Tuesday, December 29, 2009

The Social Construction of Holidays

As we are in the end of the holiday season, I've been thinking about holidays a lot and wondering about their purpose. This year, they haven't felt that special: The days seem like any other day of the year, emphasizing the social construction of them.

I think holidays can be useful, but they are often over-emphasized as separate, wonderful, holy things. For me, one of the problems with holidays is people do things out of obligation than out of heart-felt desire.

And these things (thanksgiving, gratitude, giving, expressing love for each other, etc.) are things we should be doing every year. But if we miss the day, then we must not love our spouses, or appreciate our lives, or love Christ. One day set aside to emphasize the birth of Christ, for thanksgiving, for showing our love to our partners, etc. is not bad, but I think we also put too much emphasis on it.

I wonder what it would be like if we went a year without celebrating any holidays. Might we appreciate them more and approach them more appropriately? Maybe the Jehovah's Witness tradition of not celebrating holidays has some honest legitimacy...

What do you think?


  1. I would not wish to skip any positive occasions, particularly if it was to make the occasions more meaningful by their being "passed on" to try to re-establish meaning.

    I feel too many good traditions have been lost forever as the world has so much to fill the gap right away! Take the loss of family weekends spent together. It is a thing sadly missed now and in half a generation, young people often have a curious expression when they hear how we "all were able to" (whatever) together.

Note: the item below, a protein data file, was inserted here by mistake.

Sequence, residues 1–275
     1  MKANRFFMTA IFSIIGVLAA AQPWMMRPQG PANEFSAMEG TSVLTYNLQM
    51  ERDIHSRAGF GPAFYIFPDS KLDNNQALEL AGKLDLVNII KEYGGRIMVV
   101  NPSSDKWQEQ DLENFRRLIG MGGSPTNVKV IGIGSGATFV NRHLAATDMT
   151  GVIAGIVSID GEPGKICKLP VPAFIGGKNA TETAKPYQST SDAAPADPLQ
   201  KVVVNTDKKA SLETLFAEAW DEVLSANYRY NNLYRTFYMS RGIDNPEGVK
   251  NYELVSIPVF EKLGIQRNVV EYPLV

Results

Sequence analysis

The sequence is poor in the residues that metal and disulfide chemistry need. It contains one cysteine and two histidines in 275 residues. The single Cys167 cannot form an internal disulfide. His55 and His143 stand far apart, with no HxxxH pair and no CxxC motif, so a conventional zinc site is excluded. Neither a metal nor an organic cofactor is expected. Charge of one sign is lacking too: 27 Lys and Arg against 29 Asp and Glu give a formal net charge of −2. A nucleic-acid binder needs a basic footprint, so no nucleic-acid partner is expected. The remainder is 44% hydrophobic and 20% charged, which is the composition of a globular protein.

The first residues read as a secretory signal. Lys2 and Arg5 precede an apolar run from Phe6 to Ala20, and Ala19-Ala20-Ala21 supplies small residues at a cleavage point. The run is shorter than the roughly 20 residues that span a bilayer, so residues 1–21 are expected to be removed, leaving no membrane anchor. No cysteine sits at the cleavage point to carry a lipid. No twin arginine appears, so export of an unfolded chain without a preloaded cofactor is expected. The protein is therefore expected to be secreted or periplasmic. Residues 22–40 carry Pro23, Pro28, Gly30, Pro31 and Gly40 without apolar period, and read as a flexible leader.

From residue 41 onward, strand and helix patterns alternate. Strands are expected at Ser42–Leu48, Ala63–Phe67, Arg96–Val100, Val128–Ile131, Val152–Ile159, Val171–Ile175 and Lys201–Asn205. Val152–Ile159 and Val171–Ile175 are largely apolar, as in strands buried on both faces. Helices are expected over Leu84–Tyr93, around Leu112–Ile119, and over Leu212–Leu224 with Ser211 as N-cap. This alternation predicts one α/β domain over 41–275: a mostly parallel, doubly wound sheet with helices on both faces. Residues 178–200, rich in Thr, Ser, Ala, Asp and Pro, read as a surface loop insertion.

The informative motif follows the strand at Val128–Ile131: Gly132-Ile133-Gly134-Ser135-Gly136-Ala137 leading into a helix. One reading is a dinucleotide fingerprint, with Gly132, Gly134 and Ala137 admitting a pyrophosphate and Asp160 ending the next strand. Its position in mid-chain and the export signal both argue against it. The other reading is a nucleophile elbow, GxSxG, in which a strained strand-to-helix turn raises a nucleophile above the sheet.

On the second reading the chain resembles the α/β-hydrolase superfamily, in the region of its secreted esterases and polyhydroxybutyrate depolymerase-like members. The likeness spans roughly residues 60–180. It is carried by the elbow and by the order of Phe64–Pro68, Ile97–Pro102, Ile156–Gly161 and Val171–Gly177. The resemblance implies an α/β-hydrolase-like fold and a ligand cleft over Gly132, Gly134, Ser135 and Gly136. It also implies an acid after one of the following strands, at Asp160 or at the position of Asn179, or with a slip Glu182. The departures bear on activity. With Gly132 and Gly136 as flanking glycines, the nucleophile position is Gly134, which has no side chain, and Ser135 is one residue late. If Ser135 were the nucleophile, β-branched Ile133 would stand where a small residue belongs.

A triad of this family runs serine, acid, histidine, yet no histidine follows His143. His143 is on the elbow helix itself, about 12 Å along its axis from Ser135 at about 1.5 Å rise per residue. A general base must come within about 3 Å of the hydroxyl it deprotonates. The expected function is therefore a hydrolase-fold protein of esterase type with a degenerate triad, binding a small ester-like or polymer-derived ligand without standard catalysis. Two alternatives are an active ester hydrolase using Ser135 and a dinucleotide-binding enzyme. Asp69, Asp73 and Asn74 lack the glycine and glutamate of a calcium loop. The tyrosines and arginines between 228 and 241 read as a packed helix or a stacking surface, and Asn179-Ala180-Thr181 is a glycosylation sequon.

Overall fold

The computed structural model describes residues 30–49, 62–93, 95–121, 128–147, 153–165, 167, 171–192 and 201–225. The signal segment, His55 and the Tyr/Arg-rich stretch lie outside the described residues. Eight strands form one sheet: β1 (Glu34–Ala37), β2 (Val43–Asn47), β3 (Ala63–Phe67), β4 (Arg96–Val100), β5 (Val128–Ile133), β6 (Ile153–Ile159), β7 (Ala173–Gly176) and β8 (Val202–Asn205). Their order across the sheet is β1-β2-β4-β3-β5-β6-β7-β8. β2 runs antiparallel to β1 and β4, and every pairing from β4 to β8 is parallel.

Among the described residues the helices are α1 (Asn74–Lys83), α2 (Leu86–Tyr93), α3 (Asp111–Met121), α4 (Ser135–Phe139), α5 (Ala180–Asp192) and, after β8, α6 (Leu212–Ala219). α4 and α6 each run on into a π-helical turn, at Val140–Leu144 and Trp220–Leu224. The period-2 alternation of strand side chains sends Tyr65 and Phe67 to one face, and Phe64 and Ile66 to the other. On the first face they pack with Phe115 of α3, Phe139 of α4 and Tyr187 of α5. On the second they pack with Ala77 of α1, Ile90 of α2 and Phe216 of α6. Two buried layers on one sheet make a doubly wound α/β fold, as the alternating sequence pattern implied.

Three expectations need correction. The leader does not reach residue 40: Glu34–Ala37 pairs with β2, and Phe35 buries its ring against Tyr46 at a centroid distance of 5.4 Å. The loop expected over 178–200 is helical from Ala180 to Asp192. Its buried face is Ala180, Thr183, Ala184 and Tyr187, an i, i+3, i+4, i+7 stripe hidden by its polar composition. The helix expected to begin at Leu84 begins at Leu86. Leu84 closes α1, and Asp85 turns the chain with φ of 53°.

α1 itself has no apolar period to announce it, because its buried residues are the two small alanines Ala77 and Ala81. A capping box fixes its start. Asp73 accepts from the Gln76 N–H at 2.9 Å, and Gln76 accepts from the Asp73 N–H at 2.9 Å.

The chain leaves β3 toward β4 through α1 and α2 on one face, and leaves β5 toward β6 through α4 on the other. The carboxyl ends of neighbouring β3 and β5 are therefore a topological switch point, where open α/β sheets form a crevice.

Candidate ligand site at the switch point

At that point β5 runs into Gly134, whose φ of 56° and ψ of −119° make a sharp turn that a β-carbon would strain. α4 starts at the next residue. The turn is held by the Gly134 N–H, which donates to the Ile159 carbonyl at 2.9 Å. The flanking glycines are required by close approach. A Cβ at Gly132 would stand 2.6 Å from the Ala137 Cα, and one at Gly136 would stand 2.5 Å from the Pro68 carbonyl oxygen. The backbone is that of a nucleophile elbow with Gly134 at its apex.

Truth that commercialization has blotted a lot of meaning as have over stimulation through TVs, iPods, the CPU I am using as I write this. But the answer for me in reconnecting is uncovering what we have replaced those times with! And then reassessing our use of our time to ensure the most important things get done first, not after the tempting gadgets or whatever have been used or done.

    Lastly, I have found the Jehovah Witness approach devisive for children who feel left out of many positive experiences and seem often not to feel good about what they are doing or not doing. Seems a negative time for their youth which saddens me.

    I did follow a Christmas challenge for a week this year that kept HIM in my thoughts as I wanted. It was a wonderful experience for me! I chose to not eat cooked food for the week prior to Christmas and then only sparingly; and it kept me mindful of the Christmas Blessing and was something I will do again.

    All the best to all for The New Year...with LOVE J-M

  2. I definately agree with Jan that commercialism has taken away a lot of the reason why holidays were to first be celebrated. I also think that there is a lot of capitalism pressure! The constant need to purchase gifts, send christmas cards, make certain foods, can be overwhelming. Why don't we have more "family" get togethers and celebrations all year? Why must we wait to certain holidays to do this?

    I hope I made sense!

  3. Thanks for both comments! The holidays at their heart do seem to have good meaning. I think my problem is when people tend to have expectations (particularly about receiving things at Christmas or spending time with family). When we expect these things, it takes the beauty out of them in many ways...



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